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Opinion: BOS Budget Falls Short for FCPS

The Fairfax County Board of Supervisors (BOS) continues to state that education is its top priority but its actions clearly do not match its words -- not when county spending next year will increase by 3.6 percent while Fairfax County Public Schools’ (FCPS) budget is projected to increase by just 1.6 percent over last year’s adopted budget. Overall, FCPS will receive 52.4 percent of the county’s budget, down from 52.7 percent this year. While this percentage change seems small, that equates to more than $12 million that FCPS would have received.

In his April 22 newsletter to residents, Supervisor Pat Herrity makes several misleading assertions about the FCPS budget. He suggests that the School Board already has available funding to meet the school system’s needs, beyond the amount that will be transferred from the county and state. We would like to correct these misperceptions.

Supervisor Herrity suggests increasing the salary “lapse rate” (a salary lapse occurs during a job vacancy). FCPS’ budgeted lapse savings are based on historical trends. FCPS has taken several steps to adjust compensation accounts in the FY 2015 budget including using lower salaries to budget for vacant positions and for new positions due to enrollment growth. Whatever is remaining in the compensation accounts, combined with other savings generated throughout the year, goes into the ending balance which we use to fund the following year’s budget.

Supervisor Herrity suggests eliminating pay raises for administrators to save $13 million. The cost of providing a step increase for all employees is $41 million. Of that amount, the cost for the administrative positions in schools is $1.7 million and central administrators account for $300,000. To achieve his goal of $13 million in savings, pay raises would need to be denied to employees who directly serve students including advanced academic resource teachers, work experience teachers, instructional support teachers, school counselors, librarians, audiologists, physical and occupational therapists, English for Speakers of Other Languages teachers, professional technical project teachers, public health attendants, public health training assistants, school-based technologists, psychologists, social workers, school clerical, school custodial, and school administration.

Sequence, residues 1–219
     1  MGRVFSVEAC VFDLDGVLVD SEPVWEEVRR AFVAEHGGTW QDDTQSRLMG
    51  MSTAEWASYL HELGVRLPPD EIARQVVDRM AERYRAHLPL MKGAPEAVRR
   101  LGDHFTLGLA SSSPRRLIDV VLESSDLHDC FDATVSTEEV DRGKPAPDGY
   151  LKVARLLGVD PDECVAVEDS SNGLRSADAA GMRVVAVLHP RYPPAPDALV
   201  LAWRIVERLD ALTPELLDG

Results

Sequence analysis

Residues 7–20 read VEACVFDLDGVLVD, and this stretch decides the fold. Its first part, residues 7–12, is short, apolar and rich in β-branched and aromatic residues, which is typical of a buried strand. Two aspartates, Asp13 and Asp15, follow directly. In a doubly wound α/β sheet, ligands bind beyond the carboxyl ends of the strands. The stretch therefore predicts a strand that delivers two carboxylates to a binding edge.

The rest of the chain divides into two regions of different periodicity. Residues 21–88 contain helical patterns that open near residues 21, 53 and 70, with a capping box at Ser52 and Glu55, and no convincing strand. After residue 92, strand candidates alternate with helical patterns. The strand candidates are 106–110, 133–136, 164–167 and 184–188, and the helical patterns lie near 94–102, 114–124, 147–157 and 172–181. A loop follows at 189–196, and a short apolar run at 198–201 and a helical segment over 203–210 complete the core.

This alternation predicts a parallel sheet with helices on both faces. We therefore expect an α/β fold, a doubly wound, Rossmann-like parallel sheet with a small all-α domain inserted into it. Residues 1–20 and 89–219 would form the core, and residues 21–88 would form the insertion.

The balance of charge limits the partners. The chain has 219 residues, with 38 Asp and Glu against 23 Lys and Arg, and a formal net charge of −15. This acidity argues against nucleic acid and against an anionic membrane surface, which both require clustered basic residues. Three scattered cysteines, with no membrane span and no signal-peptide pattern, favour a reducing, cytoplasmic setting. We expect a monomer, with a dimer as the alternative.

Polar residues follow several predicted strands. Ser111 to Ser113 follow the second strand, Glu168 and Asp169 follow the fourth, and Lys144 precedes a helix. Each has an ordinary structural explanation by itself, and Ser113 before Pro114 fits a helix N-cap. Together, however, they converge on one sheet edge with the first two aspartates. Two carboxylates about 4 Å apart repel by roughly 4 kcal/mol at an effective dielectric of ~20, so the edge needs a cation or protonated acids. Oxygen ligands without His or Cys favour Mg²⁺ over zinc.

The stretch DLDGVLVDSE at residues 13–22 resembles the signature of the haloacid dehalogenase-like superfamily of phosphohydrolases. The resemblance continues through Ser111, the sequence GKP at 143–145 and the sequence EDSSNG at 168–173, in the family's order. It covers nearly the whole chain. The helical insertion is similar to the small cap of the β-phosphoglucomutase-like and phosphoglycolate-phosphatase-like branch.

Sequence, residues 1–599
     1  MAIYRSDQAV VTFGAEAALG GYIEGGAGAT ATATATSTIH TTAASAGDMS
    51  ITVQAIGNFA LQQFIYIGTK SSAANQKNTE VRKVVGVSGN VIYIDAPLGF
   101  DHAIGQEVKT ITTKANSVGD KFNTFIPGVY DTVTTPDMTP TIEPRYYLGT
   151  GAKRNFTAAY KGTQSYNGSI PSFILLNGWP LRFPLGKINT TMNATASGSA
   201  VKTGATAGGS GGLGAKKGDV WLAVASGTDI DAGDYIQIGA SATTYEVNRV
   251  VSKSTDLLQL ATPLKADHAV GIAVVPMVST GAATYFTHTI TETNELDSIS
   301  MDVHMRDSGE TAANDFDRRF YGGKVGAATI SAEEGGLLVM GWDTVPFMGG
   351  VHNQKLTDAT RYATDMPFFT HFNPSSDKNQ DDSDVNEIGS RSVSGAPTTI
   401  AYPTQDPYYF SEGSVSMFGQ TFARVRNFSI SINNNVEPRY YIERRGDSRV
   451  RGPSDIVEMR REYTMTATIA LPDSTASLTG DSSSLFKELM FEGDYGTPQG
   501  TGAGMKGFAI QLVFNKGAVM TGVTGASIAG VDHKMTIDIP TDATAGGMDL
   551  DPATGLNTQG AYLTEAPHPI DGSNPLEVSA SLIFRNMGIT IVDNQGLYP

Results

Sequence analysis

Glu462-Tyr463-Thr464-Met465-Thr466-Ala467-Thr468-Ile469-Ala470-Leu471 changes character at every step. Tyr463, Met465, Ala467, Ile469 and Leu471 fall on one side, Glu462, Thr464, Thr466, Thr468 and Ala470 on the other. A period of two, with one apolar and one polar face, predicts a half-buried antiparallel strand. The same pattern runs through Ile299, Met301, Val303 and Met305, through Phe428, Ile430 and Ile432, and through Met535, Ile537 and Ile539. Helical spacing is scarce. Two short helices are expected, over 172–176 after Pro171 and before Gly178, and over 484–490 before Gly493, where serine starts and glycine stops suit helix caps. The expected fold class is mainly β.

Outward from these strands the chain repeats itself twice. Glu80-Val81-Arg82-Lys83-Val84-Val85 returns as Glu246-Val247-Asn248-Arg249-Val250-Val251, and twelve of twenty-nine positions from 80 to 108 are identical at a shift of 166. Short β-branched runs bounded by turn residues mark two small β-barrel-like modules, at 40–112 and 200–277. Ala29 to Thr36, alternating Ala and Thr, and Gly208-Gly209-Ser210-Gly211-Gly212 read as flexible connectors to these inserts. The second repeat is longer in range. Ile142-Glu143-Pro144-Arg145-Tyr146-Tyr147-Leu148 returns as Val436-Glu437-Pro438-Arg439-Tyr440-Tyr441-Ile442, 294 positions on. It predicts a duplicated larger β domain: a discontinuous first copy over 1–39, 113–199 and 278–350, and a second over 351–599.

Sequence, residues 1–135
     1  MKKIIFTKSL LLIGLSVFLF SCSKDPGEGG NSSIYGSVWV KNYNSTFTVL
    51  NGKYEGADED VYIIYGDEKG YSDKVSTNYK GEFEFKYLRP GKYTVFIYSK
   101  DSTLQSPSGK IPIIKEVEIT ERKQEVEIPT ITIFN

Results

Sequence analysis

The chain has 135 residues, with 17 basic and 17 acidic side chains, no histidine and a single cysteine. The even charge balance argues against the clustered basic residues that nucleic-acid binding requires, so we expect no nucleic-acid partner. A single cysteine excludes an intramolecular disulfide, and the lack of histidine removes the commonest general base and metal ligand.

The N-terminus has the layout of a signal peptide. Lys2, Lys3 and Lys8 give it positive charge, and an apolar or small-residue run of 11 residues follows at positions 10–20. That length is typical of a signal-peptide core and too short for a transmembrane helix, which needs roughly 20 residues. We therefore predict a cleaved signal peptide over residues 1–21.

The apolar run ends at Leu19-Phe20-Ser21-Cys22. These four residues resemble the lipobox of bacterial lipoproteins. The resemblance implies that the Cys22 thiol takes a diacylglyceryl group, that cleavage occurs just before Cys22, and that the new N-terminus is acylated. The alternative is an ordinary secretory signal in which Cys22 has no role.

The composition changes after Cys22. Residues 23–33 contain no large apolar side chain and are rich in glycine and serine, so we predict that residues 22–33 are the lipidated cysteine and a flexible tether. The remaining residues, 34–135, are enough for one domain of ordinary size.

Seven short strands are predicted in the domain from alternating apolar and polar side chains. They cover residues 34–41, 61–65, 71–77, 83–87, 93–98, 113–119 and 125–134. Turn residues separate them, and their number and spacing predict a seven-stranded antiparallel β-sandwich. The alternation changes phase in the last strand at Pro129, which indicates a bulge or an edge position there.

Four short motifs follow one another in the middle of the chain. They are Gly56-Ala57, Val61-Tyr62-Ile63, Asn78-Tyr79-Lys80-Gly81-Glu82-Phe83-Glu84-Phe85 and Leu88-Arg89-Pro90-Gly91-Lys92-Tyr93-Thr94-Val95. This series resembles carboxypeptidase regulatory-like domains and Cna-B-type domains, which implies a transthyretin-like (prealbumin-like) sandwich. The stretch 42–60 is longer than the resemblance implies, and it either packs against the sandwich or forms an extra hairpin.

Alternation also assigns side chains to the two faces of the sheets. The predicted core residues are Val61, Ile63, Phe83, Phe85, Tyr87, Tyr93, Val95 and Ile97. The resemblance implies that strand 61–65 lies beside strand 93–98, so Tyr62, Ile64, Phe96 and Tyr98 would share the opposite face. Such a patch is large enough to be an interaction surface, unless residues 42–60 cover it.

Supervisor Herrity also claims that many of our teachers are doing administration instead of teaching. He states that if we “take the total number of students in the school system and divide it by the number of full time equivalent teachers (emphasis added), we should get a class size of 12.” As our class size is not as such, he alleges that our teachers must be doing administration. This canard has been raised before by Supervisor Herrity and it is irresponsible for him to continue to deliberately mislead the public by using deceitful teacher-student ratios in his comments. This doesn't result in purposeful conversation, but rather distracts the community from the real issue of fully funding schools. To clarify once again, “full time equivalent teachers” are much more than classroom teachers. They also include special education teachers, English for Speakers of Other Languages teachers, instructional coaches, speech therapists, guidance counselors, librarians, music, physical education teachers, and more. Although these professionals do not have assigned classrooms, they are all teaching and working directly with students. It takes more than a single classroom teacher to provide a well-rounded and full education for FCPS students.

Moving forward, it’s critical in budget discussions that disingenuous arguments are not used to refute or support one’s position. This should not be seen as a School Board versus Board of Supervisors debate. We are partners. The School Board will continue to work closely with the Supervisors in an effort to develop long-term sustainable funding for FCPS and to meet the expectations of the community to maintain our world-class school system.